Why does generation after generation return to a romantic novel written by the daughter of a Victorian clergyman?
Jane Eyre, Charlotte Bronte’s mid-19th century heroine, has emerged, as the New York Times puts it, for “another hike on the moors”. Cary Fukunaga’s film, released earlier this year, is the 18th movie version of the novel by common count and there have been nearly a dozen television adaptations. Even the resurgent Pride and Prejudice cannot match that tally. Why is it that the tale of the persecuted orphan who eventually marries a mutilated widower continues to fascinate 21st century sophisticates?
In the first place it is because we are not as sophisticated as we pretend. Witnessing the mania among adolescent girls -- and, often, their mothers -- for vampire romances, Fukunaga has chosen to play up the Gothic elements of the novel. The manor house on the moor, with its spine-chilling bouts of maniacal laughter and unravelling dark secret, even provides (in the book, at least) an explicit vampire touch as the mad wife, Bertha, attacks her visiting brother and sucks his blood. And Jane’s susceptibility to the supernatural, from the episode in the red room of her childhood to the telepathic exchange between her and Mr Rochester at the moment she might finally give him up (“Jane! Jane! Jane!” … “I am coming!”) also appeals to current superstition.
Secondly, Jane Eyre is a romance, and there are few ordinary mortals -- women, anyway -- who cannot be seduced by a love story. From the moment Jane encounters Mr Rochester in the woods as he falls from his horse -- or even earlier when she takes on the job of governess at a great house with an unmarried owner -- we know it is only a matter of time until they become man and wife. That the intervening time, like all that has gone before, is full of complexity -- near despair, joy, resolve, temptation -- is what lifts Jane Eyre out of the Mills and Boon category and into the realm of literature, making it a novel that W.M. Thackeray noticed and that even Henry James, who hated the autobiographical novel as a form, thought successful.
There is a third element that keeps Jane Eyre on the movie circuit, if not in the hands of actual readers. As if to put a cloak of respectability over our threadbare romanticism and superstition, the novel gives us a heroine with a distinguished place in the annals of feminism.
For a mid-Victorian creation, Jane Eyre is a truly remarkable young woman (she is still only 19 by the end of the novel). From the age of 10 she has rebelled against oppression, whether in male or female forms, and embarks on adult life with a passionate desire for independence, which she pursues with heroic determination -- and with the help of an inheritance which, in contrast with her own situation, Charlotte Bronte kindly gave her at a critical point.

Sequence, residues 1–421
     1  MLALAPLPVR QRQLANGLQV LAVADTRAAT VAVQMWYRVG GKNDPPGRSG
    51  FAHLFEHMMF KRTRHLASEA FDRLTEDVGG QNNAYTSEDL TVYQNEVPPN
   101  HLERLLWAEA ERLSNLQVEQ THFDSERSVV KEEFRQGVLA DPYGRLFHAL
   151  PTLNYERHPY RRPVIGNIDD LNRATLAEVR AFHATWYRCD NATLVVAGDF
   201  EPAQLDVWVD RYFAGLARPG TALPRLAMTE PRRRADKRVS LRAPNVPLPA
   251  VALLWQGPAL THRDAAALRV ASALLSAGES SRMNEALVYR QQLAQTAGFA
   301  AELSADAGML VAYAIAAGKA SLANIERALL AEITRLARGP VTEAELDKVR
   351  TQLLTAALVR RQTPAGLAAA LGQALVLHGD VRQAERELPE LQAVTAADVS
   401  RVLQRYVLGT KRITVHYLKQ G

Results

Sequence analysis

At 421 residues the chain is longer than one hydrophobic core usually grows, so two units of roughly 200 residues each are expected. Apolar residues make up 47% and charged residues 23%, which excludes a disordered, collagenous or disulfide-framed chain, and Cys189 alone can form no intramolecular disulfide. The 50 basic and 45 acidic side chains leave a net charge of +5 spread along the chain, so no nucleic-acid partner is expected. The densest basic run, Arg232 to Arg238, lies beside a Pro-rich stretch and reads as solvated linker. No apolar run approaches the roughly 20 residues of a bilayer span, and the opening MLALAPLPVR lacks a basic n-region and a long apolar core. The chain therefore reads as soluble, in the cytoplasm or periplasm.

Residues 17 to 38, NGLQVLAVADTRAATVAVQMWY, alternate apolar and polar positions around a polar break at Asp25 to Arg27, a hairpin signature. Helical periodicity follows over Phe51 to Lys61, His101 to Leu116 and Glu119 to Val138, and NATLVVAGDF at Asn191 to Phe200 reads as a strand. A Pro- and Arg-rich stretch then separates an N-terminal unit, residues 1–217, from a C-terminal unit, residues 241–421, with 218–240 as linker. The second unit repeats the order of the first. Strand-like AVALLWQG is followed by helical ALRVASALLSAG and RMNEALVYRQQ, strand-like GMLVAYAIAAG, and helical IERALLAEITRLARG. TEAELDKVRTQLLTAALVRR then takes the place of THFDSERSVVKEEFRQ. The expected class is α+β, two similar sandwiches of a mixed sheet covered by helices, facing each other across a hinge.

Jane not only talks about equality, she stakes her life and happiness on it. She will sacrifice herself in the Indian missions with her admirable cousin St John Rivers as his curate (!) or “sister” but not as his wife since she does not love him. She will not bend to his will, though sorely tempted by his religious ideals. When she first accepts Mr Rochester’s proposal of marriage they speak of equality; when she returns to him the fact that he is maimed and blinded makes Plain Jane more than his equal physically, and of course she now has her own income.
There is one thing about Jane, however, that today’s audience might find challenging. She is a very moral young woman. Not in a conventional sense; she has her creator’s vehement dislike of hypocrisy, especially when it is used, as her Aunt Reed and the loathsome Mr Brocklehurst use it, to oppress vulnerable children; and she believes it is more moral, however it looks, to go to India as St John’s sister-co-worker than as a wife in a loveless marriage. When the man she does love, however, turns out to be married (though the victim of deceit) she rejects his proposal to run off to France and live together anyway, though her heart is breaking.
And that is because Jane is not only instinctively virtuous but because she is religious, a Christian (of an ill-defined stamp), on all important points the mouthpiece of Charlotte Bronte, the clergyman’s daughter and Victorian Englishwoman. She not only dreams and draws inspiration from nature, including the best in human nature (Helen Burns, Miss Temple), she consults her conscience, she prays and seeks God’s will in her struggles, she forgives the Reeds their ill-treatment of her. Her story ends with a paean of praise for the “good and faithful servant” of Christ, the man who is not accidentally called “St John” Rivers. But don’t expect to find that in the latest movie.
In fact, don’t expect to understand Jane Eyre at all without reading the book -- if necessary, again. Elizabeth Bennett is a fairly straightforward sort of character to place on the screen since she comes from what is basically a comedy of manners. Jane Eyre is a much more complex and morally interesting character, a passionate individual who experiences intense conflicts between her emotions and ideals before finally being able to reconcile them. But it is only by reading her account of it all, being grabbed by the scruff of the neck and being made to experience her indignation, her delights, her struggles and victories that we can know the Jane that Charlotte Bronte wants us to know, and the author herself.
Carolyn Moynihan is deputy editor of MercatorNet. The YouTube video above is a dramatic scene from the seventh film version of the novel, with Joan Fontaine as Jane and Orson Welles as Rochester.